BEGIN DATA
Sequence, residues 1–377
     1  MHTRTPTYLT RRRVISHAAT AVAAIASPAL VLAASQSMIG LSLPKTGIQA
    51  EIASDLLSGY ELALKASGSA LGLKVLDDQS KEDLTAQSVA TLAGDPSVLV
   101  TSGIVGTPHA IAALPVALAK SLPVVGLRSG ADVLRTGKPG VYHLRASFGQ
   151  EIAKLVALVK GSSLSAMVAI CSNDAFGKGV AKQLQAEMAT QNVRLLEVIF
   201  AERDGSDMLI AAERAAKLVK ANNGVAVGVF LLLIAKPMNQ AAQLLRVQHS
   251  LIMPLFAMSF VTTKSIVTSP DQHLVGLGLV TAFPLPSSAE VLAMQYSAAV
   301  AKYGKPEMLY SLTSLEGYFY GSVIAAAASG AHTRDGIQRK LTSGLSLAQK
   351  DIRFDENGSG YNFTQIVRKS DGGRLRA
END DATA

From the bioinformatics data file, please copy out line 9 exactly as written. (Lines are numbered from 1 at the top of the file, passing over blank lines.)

   351  DIRFDENGSG YNFTQIVRKS DGGRLRA